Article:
A simple text message had extraordinary consequences for Nicola Ryder. A monthly ping notification, something she had signed up to months earlier by chance, triggered an uncanny physical reaction.

"My phone went off," the 45-year-old from Bolton said.  As I reached over to get it I felt this awful pain in my breast. I realised I'd had the same pain on holiday in Mexico when I was lying on my front sunbathing. ‘

 ‘Ironically enough, the text message was actually a monthly reminder to check my  breasts, something I'd signed up to a few months before.   So I did the check and that's when I felt the lump. It came out of nowhere, I'd only been home a few days and before that I'd been in a bikini and putting sun cream on. ‘

Finding that lump was the only the beginning of a difficult, but hugely important journey for Nicola. The following day, she booked in to see her GP in Bolton, who referred her to the breast clinic for further tests.

 ‘I didn't really think anything of it if I'm honest," she said. "But the more tests they did, the more worried I became. I kept thinking, I'm only 42, I'm too young for this. I was the fittest I'd ever been, I had a personal trainer and had lost weight."

Several weeks later, Nicola's biopsy results confirmed her fears - she was diagnosed with Stage 3 triple negative breast cancer.  She began her treatment just over a month later, and in that time the lump had grown so much it was visible through her clothing.

"It was so painful, every day I'd have to hold myself getting out of bed because of how much it hurt. But the day after my first treatment I could barely feel the lump, it was a huge relief to know it was working."

It was while undergoing chemotherapy doctors confirmed Nicola was a carrier of the BRCA1 gene mutation - which put her at high risk of developing breast and ovarian cancer, and of it returning.

"They started to ask questions about my family history. All I knew about BRCA at that point was what I'd read about Angelina Jolie and her mum so I thought it was something on the female side of the family and there was nothing on mine."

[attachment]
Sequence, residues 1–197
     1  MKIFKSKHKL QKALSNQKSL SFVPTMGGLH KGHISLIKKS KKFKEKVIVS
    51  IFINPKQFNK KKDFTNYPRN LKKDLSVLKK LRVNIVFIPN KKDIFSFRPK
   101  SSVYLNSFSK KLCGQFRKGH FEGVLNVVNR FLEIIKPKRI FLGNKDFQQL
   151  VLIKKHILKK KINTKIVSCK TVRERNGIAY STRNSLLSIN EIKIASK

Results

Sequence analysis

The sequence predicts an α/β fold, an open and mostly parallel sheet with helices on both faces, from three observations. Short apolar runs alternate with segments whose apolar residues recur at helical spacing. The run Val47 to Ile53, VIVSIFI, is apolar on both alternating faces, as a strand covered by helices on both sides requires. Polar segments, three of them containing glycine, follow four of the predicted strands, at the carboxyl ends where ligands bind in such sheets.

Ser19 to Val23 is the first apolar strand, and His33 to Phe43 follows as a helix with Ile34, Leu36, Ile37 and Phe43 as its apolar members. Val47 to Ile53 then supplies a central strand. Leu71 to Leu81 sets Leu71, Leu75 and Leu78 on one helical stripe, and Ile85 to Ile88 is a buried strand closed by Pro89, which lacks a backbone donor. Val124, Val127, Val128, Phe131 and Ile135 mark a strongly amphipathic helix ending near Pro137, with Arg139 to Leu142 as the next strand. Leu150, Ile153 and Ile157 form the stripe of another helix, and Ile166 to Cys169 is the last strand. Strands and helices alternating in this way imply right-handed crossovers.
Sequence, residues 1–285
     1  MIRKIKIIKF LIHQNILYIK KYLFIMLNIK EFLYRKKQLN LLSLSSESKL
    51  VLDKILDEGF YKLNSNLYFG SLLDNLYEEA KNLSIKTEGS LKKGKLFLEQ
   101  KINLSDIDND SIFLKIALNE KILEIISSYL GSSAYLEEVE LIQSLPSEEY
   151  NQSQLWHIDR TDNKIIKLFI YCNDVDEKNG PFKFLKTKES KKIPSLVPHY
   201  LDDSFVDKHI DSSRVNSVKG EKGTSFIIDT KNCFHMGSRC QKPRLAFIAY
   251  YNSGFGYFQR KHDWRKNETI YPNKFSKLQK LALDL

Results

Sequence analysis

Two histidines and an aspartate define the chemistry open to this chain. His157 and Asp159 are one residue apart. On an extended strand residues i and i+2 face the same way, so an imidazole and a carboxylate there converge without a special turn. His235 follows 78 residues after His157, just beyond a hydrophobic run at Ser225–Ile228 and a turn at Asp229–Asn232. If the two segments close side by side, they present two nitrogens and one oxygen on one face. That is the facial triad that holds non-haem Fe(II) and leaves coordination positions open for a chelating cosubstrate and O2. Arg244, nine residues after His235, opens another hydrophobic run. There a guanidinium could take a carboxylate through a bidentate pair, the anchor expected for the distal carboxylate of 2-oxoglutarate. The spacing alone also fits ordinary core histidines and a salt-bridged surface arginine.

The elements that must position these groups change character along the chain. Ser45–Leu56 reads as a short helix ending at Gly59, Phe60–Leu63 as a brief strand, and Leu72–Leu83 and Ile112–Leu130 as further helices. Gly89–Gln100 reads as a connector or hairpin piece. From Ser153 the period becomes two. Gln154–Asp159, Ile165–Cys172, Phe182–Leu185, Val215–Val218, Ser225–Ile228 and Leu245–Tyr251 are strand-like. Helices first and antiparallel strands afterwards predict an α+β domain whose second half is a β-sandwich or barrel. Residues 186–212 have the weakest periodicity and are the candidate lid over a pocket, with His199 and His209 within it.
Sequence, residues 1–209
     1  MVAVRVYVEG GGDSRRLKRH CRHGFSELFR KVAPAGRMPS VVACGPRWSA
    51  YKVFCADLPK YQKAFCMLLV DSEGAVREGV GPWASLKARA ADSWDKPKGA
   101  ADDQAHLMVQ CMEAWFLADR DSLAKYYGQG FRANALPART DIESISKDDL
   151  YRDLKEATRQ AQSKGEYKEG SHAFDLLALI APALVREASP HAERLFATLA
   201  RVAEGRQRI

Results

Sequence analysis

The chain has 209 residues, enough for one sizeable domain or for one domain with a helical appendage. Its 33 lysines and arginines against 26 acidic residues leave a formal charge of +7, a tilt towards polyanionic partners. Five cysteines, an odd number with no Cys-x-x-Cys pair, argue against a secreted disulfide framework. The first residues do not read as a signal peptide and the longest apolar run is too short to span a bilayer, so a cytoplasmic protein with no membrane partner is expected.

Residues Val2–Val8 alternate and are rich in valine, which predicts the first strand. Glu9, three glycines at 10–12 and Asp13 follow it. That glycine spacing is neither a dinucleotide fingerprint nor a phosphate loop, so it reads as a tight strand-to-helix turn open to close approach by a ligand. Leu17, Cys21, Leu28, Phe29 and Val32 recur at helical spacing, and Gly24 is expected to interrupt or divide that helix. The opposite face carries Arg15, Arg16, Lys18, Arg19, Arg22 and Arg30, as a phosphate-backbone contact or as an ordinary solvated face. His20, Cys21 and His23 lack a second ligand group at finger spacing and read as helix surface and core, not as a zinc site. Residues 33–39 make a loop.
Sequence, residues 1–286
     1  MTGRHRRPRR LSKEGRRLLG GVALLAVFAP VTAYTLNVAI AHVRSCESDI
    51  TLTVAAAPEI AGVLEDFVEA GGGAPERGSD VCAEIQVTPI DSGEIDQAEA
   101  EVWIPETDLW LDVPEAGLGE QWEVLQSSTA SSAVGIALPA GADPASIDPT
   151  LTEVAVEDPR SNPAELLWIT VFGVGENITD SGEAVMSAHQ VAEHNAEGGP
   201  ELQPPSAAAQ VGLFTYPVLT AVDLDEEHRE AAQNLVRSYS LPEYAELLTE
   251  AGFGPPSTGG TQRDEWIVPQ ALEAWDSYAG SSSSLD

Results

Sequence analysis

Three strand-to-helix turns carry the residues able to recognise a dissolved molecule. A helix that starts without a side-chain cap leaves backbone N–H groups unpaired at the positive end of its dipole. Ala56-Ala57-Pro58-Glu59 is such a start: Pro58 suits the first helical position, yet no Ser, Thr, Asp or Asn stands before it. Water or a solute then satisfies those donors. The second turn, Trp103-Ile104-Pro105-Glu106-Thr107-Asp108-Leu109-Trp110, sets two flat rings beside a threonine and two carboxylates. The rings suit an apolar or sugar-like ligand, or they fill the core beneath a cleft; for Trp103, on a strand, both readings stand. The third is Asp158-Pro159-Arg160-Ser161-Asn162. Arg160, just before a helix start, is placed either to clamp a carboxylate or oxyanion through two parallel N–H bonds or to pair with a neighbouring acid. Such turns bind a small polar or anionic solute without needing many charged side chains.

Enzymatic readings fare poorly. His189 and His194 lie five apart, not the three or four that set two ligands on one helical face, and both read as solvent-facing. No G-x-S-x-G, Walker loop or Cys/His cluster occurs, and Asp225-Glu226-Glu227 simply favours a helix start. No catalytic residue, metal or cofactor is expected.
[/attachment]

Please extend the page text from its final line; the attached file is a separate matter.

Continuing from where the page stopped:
It wasn't until Nicola spoke to her dad that she discovered that two of his cousins had had breast cancer, and that one had died from ovarian cancer, and that the gene could be passed paternally.

Having the gene meant that even though Nicola would undergo a mastectomy after treatment, there was still more than an 80% chance the cancer could come back in the other breast, or that she would develop ovarian cancer.


Nicola now had a decision to make. Did she undergo preventative surgery or take the risk? To her it was a no brainer.

"I will do whatever it takes to stop it coming back, I know a lot of people who wouldn't have their breasts or ovaries removed, they'd take the risk. In a way I felt that being single I was lucky because I only had my own feelings to consider.

"I didn't have to worry about a partner seeing me as less attractive, or not wanting me to have it done, the impact not being able to have kids would have on a relationship.I was in control of the decisions about my body."

In 2018, Nicola underwent an operation to remove her right breast, as well as an oophorectomy to remove her ovaries and fallopian tubes, later followed by reconstructive surgery.

"There is still this underlying niggle in my head knowing it could come back at any time," Nicola said.

"Every ailment, pain, ache - always worrying what it means.

"But I've done as much as I can to stop it, and early detection was so important."

Margo Cornish